ASHE COUNTY — In its weekly COVID-19 situation update on Friday, Nov. 20, AppHealthCare reported a continued increase in active cases and quarantines from Nov. 8-14 in Ashe County.
As of Monday, Nov. 23, there were 97 active cases in Ashe according to AppHealthCare, with a further 178 individuals being monitored and a cumulative case count of 846. There has been 15 deaths linked to COVID-19 in Ashe County according to AppHealthCare.
Nine deaths in Ashe were linked to an outbreak at Forest Ridge Assisted Living.
“For the week of Nov. 8-14, there were levelings in active cases and for those who are in quarantine but the numbers remain too high and are a continued concern.,” AppHealthCare’s situation update read.
“With the Thanksgiving Holiday, we encourage everyone to be mindful of the fact that this virus is still with us and there are actions we can all take to avoid and lessen our exposure and a potential spike that could overwhelm our healthcare system.”
Outside of Ashe, AppHealthCare has reported 150 active cases and 16 deaths in Watauga County and 27 active cases and two deaths in Alleghany County. Across the state, there have been 5,039 deaths, according to the North Carolina Department of Health and Human Services.
North Carolina had 336,775 total confirmed cases of COVID-19 as of noon on Monday, Nov. 23, according to the NCDHHS. This is more than 19,000 more cases than the same time a week earlier.
The NCDHHS released a County Alert System to give counties another tool and a classification for their COVID-19 status.
In their report published Nov. 17, the NCDHHS listed Ashe as orange, meaning the county has a “substantial” community spread. This is the second of three tiers, in between yellow and red, with 42 other counties given an orange designation, and only 10 counties were designated red.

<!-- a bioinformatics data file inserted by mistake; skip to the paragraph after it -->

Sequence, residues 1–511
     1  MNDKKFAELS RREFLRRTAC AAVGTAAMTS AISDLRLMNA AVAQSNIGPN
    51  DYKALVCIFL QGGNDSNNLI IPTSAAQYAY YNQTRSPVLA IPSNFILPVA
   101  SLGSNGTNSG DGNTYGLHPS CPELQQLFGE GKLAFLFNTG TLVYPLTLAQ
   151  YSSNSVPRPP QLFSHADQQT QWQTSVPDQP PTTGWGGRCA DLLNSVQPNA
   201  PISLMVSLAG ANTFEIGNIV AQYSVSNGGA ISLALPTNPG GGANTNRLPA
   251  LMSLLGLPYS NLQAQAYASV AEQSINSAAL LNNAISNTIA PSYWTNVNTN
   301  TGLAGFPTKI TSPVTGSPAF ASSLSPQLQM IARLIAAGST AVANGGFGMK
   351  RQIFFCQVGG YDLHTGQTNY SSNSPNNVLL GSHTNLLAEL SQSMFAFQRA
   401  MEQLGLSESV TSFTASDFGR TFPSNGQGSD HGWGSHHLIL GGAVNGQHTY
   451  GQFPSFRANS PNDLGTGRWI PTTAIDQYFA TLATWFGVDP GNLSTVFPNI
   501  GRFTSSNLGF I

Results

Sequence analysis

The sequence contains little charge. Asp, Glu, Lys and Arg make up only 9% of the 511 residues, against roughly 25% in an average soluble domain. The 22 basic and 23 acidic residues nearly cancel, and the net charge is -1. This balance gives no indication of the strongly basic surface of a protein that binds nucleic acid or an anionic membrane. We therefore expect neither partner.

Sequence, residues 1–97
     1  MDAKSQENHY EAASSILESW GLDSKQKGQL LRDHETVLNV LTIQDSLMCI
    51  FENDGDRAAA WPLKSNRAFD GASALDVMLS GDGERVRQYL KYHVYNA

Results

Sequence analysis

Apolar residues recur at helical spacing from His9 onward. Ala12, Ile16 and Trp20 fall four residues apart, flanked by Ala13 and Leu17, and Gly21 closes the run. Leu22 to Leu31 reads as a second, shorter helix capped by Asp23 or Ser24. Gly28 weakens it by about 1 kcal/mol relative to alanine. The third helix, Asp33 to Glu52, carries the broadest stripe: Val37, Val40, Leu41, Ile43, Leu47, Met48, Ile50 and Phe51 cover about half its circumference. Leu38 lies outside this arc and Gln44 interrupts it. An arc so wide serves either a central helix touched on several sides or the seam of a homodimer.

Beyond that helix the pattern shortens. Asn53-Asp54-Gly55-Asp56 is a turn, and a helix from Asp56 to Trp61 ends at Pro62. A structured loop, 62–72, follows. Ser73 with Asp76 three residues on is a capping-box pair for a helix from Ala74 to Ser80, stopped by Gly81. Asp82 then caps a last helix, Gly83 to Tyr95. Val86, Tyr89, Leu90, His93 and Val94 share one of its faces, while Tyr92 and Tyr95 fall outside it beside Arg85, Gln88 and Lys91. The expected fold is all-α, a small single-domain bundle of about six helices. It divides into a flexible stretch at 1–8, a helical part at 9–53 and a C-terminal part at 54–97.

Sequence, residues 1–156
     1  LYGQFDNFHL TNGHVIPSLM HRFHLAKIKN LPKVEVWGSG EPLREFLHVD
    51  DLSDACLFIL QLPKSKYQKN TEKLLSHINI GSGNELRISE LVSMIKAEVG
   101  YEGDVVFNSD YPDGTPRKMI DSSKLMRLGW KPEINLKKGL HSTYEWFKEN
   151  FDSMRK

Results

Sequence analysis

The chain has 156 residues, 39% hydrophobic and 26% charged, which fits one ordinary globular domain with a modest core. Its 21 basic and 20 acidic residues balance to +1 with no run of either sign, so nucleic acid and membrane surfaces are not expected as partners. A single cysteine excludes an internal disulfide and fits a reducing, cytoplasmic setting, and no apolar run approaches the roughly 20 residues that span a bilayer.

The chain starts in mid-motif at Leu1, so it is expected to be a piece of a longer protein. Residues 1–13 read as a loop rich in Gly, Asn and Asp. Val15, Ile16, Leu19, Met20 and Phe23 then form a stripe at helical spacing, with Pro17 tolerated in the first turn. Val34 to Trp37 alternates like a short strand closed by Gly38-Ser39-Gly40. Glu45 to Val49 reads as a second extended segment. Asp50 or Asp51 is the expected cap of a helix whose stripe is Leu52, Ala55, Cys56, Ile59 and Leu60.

Watauga and Alleghany County received a yellow designation, indicating a “significant” community spread, while Avery and Wilkes County were given a red, “Critical” community spread designation.
The tiers were determined using the number of new cases in 14 days per 100,000 people, the percentage of tests that came back positive over the same 14 days and the impact on county hospitals.
From Nov. 1-14, Ashe County saw 514.6 cases per 100,000 residents, a 8.7 percent positive testing number but it is considered to have a low impact on the county hospital. Meanwhile Mecklenburg County, the most populous in county in N.C., saw numbers of 340 and 7.3 percent, respectively.
The NCDHHS noted in its report that individuals in red and orange counties should limit mixing between households and social circles, avoid settings where people congregate, consider ordering more take out or eating outside and reduce public interactions to mainly essential activities.
AppHealthCare is continuing case investigation and contact tracing efforts to reduce the spread of COVID-19. If you receive a call from a member of the case investigation or contact tracing team, AppHealthCare urges you to cooperate and provide information that will help conduct response efforts. Calls will be from (844) 628-7223 or (828) 264-4995. It may also show up as “NC Outreach” or “Contact Tracing.”
AppHealthCare encourages citizens to remember the three W’s: wear a mask, watch your distance and wash your hands.
North Carolina moved into Phase 3 of the statewide reopening plan beginning at 5 p.m. Friday, Oct. 2. Phase 3 was scheduled to end Oct. 23, however N.C. Gov. Roy Cooper announced Oct. 21 that it would be extended by three weeks, pointing to case numbers’ continued rise.
Cooper announced Nov. 10 that the indoor mass gathering limit would be lowered to 10 people until Friday, Dec. 4.
“This reduction in our indoor gathering limit aims to slow the spread and bring down our numbers,” Cooper said. “It also sends a serious signal to families, friends and neighbors across our state. Success in slowing the spread will help our businesses.”